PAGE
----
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What is ‘gaslighting’? Our resident psychotherapy columnist Elaine Bond explains more about this form of emotional abuse

We have all read about gaslighting and how it affects us. But what exactly is it?

It is based on the plot of a 1938 play called “Gaslight”. In this play, a husband attempts to convince his wife that he is going insane by changing small things in their home and then telling her she is mistaken. The title is based on the fact that the husband dims the lights in their home and pretending nothing has changed. So, the wife doubts herself. His motive? To find the jewels which are hidden in the attic that belonged to a woman he has murdered. The more she doubts what she sees and hears, the easier it is for him to do what he wants, and ultimately he wants to get her sectioned so that he can search the house in peace.

Today we know gaslighting as a form of emotional abuse,  such as when someone makes us question our experiences which then really impacts our self-confidence. We lose the ability to question our abuser (yes, they are abusers) as they challenge and change our perceptions of their abuse. We end up scared, confused and manipulated.

The damage caused by gaslighting is huge, as we lose our sense of self, we have no confidence in what we say, do or think, so we cannot make decisions without referring to others, and mostly that will be the abuser. Constantly second guessing ourselves leads to low self-esteem, we cannot trust our view of the world and then finally we become dependent on the abuser.

Gaslighting has some key stages. The abuser is subtle and clever, so we do not notice what is happening straight way. In fact, the abuse is often so subtle it is way down the line before we realise just how much we doubt ourselves. Gaslighting starts with lies and exaggeration or generalising issues with us without facts, just statements like ‘you know I don’t like it when you wear that dress as it’s just not you’. The next stage is repetition and repeatedly we will hear these subjective comments about us.

At this point we may challenge the abuser and that’s when the attacks are doubled and get worse. Out and out lies will be told to ensure we doubt ourselves. Blame, denial and misdirection will all be used until we are confused and doubt what happened.

PICTURED: Chales Boyer and Ingrid Bergman in Gaslight

Eventually we are worn out, riddled with doubt, fearful and confusion turns into anxiety. We doubt our self, our perceptions and even our reality.

So, then we are dependant and used by the abuser as they have all our power and we are now unable to move without them. Of course, this is just to get us to do whatever the abuser wants us to do.

To keep us there, the abuser will occasionally be nice, kind and considerate which leads us to believe that they are not that bad. This is purely to keep us in a state of doubt ‘She is not that bad, it must be me overreacting’.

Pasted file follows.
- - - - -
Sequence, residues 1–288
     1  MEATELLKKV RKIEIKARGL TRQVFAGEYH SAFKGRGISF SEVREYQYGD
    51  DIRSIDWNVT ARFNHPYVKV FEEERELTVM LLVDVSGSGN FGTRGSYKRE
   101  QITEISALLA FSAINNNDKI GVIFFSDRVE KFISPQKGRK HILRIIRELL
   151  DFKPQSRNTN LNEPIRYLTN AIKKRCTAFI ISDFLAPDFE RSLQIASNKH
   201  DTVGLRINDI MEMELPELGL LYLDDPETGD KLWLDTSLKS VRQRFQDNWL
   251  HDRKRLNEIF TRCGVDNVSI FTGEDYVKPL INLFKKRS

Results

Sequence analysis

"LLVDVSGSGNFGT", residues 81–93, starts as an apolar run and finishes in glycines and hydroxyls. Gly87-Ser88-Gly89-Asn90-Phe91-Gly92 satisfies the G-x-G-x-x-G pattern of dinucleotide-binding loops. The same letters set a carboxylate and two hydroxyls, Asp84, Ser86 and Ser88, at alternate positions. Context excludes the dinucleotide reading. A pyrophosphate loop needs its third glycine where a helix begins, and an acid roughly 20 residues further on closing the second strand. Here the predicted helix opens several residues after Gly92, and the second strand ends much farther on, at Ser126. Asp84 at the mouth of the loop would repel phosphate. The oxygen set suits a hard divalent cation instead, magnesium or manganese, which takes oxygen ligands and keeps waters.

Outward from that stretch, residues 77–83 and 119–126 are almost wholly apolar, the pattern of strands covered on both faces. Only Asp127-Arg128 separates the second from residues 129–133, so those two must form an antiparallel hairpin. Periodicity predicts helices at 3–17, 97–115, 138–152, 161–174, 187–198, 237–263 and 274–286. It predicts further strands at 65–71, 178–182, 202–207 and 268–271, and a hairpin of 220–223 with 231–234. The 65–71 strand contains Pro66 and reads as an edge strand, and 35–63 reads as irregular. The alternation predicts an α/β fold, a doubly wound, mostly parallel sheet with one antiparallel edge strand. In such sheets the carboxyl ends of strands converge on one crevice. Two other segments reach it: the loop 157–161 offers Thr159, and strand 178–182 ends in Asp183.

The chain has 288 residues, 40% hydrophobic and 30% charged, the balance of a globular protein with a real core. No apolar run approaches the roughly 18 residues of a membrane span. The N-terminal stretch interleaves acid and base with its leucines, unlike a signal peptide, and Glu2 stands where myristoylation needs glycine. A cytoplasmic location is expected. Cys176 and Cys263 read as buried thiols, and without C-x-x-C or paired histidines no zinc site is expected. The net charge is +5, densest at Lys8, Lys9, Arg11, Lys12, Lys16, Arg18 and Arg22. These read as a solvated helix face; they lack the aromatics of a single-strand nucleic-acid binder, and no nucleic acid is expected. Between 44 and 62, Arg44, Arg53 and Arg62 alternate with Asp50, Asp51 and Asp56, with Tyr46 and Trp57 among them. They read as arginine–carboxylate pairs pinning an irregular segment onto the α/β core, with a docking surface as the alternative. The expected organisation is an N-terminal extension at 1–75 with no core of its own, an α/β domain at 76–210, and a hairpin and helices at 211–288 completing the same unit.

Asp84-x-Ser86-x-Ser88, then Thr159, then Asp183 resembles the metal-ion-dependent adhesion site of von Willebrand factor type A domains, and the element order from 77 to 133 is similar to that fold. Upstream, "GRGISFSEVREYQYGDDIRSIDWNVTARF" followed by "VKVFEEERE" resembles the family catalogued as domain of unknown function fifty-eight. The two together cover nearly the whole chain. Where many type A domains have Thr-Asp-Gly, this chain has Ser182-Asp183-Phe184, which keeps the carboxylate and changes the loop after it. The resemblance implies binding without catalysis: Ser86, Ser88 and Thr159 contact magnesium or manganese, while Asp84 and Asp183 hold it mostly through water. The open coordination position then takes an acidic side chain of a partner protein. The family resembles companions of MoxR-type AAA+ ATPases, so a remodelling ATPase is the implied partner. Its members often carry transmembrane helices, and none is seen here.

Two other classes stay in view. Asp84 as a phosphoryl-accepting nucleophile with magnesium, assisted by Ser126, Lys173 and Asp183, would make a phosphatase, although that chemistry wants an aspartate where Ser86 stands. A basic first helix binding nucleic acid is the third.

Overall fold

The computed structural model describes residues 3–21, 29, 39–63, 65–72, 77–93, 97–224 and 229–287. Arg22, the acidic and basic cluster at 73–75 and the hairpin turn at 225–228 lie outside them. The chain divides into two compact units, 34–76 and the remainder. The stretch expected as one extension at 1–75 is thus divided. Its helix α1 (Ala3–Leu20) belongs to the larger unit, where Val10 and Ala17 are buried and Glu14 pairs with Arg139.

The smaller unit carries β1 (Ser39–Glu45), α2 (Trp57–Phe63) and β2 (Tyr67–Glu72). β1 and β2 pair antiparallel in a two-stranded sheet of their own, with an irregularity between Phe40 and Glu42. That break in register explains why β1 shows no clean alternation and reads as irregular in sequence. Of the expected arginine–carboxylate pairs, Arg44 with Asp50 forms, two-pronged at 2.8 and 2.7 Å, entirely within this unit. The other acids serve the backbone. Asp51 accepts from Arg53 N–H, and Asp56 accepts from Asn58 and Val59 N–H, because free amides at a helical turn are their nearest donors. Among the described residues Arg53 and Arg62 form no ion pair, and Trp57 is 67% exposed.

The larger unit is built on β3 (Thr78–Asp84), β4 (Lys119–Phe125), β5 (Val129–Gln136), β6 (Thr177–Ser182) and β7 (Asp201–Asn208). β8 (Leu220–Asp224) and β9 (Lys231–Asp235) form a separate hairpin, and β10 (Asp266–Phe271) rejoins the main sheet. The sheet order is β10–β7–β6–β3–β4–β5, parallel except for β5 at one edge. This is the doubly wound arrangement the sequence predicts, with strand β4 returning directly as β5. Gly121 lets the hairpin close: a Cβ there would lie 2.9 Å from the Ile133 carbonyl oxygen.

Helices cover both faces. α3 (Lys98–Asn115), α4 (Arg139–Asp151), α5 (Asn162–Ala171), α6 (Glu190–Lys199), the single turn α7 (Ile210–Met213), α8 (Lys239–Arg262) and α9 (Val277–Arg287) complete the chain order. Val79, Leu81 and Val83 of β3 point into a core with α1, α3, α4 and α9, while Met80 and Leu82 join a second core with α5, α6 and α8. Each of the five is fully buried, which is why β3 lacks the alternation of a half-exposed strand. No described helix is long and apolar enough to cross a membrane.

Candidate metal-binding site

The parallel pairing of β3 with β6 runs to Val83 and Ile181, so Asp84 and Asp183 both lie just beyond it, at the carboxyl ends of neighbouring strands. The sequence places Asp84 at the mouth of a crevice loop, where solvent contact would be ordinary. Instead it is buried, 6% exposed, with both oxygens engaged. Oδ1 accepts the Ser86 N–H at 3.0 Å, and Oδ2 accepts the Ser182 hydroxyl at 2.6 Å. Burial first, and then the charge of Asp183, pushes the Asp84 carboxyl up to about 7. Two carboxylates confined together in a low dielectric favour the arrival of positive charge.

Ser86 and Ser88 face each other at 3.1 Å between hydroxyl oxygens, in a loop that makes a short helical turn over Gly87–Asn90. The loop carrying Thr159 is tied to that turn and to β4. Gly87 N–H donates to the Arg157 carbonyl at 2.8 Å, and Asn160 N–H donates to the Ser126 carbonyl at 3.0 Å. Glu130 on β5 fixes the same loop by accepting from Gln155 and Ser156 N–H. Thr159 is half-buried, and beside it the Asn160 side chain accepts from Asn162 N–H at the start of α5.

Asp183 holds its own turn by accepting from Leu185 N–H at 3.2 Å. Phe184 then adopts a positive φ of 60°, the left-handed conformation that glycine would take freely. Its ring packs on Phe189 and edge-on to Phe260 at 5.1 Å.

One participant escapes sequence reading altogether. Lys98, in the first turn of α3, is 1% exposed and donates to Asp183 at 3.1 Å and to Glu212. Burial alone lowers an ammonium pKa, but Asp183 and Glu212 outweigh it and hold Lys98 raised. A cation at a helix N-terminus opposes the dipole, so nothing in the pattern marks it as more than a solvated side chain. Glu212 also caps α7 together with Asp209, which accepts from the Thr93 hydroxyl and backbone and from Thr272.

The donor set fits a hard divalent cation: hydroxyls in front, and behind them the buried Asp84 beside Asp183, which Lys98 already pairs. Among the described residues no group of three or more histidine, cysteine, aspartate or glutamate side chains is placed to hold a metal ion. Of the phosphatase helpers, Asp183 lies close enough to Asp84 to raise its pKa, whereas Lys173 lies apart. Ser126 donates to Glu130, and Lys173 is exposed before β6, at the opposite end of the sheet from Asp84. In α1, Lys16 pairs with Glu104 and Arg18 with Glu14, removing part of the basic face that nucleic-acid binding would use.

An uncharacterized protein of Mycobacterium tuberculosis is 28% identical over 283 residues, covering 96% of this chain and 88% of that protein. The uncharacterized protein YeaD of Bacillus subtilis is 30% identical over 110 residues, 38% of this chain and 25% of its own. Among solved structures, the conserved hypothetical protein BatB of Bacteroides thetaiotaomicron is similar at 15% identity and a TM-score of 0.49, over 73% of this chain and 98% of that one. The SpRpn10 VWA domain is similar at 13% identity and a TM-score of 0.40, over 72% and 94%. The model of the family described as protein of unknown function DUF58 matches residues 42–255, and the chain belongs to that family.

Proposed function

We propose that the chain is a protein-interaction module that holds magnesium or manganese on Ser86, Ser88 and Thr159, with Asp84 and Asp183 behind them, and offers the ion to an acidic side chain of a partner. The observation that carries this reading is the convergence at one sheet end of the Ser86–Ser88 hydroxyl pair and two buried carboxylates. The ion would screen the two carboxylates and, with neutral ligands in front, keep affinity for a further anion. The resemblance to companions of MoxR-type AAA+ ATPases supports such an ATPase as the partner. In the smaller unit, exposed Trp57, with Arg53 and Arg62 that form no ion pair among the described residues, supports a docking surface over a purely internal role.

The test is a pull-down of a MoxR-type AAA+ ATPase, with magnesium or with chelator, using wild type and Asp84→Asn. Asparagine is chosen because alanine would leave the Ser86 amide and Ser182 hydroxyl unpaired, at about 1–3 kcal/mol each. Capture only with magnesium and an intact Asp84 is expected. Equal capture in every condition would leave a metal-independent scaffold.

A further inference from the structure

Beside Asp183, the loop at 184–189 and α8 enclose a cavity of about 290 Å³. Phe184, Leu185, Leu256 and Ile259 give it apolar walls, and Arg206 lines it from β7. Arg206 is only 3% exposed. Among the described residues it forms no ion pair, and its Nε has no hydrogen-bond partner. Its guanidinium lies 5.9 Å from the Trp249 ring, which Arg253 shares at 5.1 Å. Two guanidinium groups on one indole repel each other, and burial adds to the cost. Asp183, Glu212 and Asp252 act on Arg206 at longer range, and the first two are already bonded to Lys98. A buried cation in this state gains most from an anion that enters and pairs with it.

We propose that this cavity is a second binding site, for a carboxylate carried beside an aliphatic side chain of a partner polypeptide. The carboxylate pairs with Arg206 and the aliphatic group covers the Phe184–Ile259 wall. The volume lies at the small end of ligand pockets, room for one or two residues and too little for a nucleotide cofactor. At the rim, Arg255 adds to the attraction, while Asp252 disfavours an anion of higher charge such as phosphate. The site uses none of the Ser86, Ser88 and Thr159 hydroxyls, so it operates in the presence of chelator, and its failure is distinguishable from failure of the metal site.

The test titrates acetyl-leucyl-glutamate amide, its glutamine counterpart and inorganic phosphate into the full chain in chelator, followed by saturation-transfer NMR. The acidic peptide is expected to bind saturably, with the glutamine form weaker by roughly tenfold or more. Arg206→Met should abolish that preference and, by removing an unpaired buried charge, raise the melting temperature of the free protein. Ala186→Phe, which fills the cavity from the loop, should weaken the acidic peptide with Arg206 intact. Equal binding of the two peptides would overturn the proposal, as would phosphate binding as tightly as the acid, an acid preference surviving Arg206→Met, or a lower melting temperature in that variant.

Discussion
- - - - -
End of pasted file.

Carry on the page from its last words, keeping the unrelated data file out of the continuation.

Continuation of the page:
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Gaslighting is easiest in relationships, as the constant contact and ability to lie and deceive makes it easy to do. But It is also used in workplaces, families and friendships.

Some key signs that we may be the victim of gaslighting are –

We say sorry a lot and are constantly apologising as that is easier that standing our ground. But this give our abuser an easy life as they never have to take responsibility for their actions.

We find ourselves obsessed with our faults, whether that is in our character, body, intelligence or personality. We start to ‘know’ we are faulty, and we feel a lot of shame about ourselves. Our abusers have ensured that we believe no one will want us.

PICTURED: Gedling-based counsellor Elaine Bond

Our self-esteem is so low that we believe we deserve to be treated badly and we don’t deserve happiness or good things. As a consequence of this, we turn down opportunities to meet friends or family and have a good time because we believe we don’t deserve it.

We feel like a disappointment, not just to the abuser, but to others and most importantly to ourselves. We are not good enough at anything.

We make excuses to others about the abuser’s behaviour,  by rationalising that “t’s not them it’s us”. In fact, we won’t hear a bad word said about them, we believe they are perfect.

We know we are ‘too sensitive’ and we ‘overreact’ but it’s a flaw and we should stop creating our own problems.

Our bodies tell us what we don’t believe and we tense up around the abuser. The emotional abuse has created an anxiety response that is out of our control. Our fight/flight response is activated as we prepare to be gaslighted again.

Coming out of a gaslighting relationship is hard and we need the support of people who care about us,. especially those who have told us they don’t like the way we have been treated.

We need to be defiant, trust ourselves and if we did not put the cereal in the fridge and the milk in the cupboard – don’t get up and check it. Trusting our own version of reality is key and being angry is okay.

Let go of what you want the relationship to be and the magical thinking that we now have. ‘If I try hard enough, she will love me again’. We need to find our logic and look at what we are doing in this relationship.

We also must remember who we were before and realise the changes that we have made are completely unreasonable.

Finally, we must accept we will never ‘win’ with an abuser as their narcissistic personality will not let you ever have the upper hand. To fully recover we have to leave.

Emotionally abusive people are usually charming and great manipulators  so we need to strong and aware of what they are capable of as we leave them behind.

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